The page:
The result is that one day, the school president pushes back and says no to the seagull and ends quitting in anger or being fired. (To those who wonder, no I am not talking about me.) The turnover in senior-level positions is quite high and the damage these ex-employees can and do is very high so the school often needs to complete a non-disclosure agreement with the recently ex-employee. That is an additional operating cost. I was once an observer at a corporate annual meeting where a very self-consumed corporate seagull looked out over a room of about 50 campus directors and presidents. “All of you who have been here ten years or more, standup.” One person did. “Okay five years or more.” Two people stood up/ “Okay then, three or more.” Four more stood up. “One and two years or more?” Seven stood up. He finally had some sense and stopped. Thirty six of the campus leaders there had been with their schools less than a year. This was not a training session for new campus leaders either but a corporate annual meeting. And I knew for a fact that at least two of the many recently fired presidents were complaining and talking about their experiences with people outside of the college and company.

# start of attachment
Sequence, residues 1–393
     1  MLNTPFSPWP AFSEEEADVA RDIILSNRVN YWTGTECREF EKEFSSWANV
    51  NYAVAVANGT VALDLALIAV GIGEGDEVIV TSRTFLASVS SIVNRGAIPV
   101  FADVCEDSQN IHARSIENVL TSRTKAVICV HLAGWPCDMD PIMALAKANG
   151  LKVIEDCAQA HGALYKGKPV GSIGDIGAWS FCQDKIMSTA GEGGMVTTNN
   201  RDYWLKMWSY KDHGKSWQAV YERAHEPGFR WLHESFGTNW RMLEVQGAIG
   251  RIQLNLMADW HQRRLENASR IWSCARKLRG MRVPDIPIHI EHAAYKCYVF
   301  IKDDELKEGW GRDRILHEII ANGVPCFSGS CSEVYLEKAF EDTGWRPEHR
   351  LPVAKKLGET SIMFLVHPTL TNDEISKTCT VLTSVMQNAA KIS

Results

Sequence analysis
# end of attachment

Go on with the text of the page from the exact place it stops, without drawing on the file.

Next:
Another way we create witnesses for hearings is the way we do let people go. It is common procedure to just call someone into an office and let him or her know “we are letting you go but it is not for performance. We just have to make hard decisions because of fiscal situations.” That means the president has been told by the regional seagull that if you don’t reduce staff, you will miss your numbers and forget your bonus.” And of course his own too.
So a person is let go/fired and then is told he or she has to be out of the building within thirty minutes. And a security person accompanies the ex-employee to make sure he or she does not damage anything out of the anger we all know is there from being let go not for performance issues.
These are the people who are not just angry but humiliated by the process. They are turned into the ones who go right to the media and hearings with all the inside information that makes for headlines and great political fodder. They may have heard or even been told to d things that could be damaging not just to that department or school but to the entire sector since it is always assumed “what one does the others will too.” This may be right. It may be wrong but it is a fact of political hearings.
Many “whistle blowers” are created by schools too. Many schools do not realize that our employees are our customers too. They need positive attention and good customer service. But since too many schools and especially companies see employees as a cost and easily replaced, they are not given the service and respect they deserve. Some schools and companies may try to keep the faculty happy and show some recognition with things like “Faculty Member of the Year” awards but staff…Not so much. Ina fact, staff are seen as expendable too often and are thus pushed to do and achieve without appropriate reward and recognition.